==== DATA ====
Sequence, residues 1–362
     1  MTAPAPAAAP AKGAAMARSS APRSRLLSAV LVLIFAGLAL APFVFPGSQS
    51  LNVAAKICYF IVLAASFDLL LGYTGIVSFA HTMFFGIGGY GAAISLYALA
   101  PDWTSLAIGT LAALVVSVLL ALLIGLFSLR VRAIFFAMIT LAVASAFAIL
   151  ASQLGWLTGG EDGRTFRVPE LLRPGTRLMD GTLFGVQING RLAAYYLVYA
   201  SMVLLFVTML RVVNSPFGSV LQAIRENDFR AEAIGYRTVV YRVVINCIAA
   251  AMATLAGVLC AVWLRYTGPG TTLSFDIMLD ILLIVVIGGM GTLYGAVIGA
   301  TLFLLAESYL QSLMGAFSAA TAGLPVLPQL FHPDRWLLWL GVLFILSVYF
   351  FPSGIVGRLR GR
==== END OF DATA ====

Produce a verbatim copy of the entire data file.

Sequence, residues 1–362
     1  MTAPAPAAAP AKGAAMARSS APRSRLLSAV LVLIFAGLAL APFVFPGSQS
    51  LNVAAKICYF IVLAASFDLL LGYTGIVSFA HTMFFGIGGY GAAISLYALA
   101  PDWTSLAIGT LAALVVSVLL ALLIGLFSLR VRAIFFAMIT LAVASAFAIL
   151  ASQLGWLTGG EDGRTFRVPE LLRPGTRLMD GTLFGVQING RLAAYYLVYA
   201  SMVLLFVTML RVVNSPFGSV LQAIRENDFR AEAIGYRTVV YRVVINCIAA
   251  AMATLAGVLC AVWLRYTGPG TTLSFDIMLD ILLIVVIGGM GTLYGAVIGA
   301  TLFLLAESYL QSLMGAFSAA TAGLPVLPQL FHPDRWLLWL GVLFILSVYF
   351  FPSGIVGRLR GR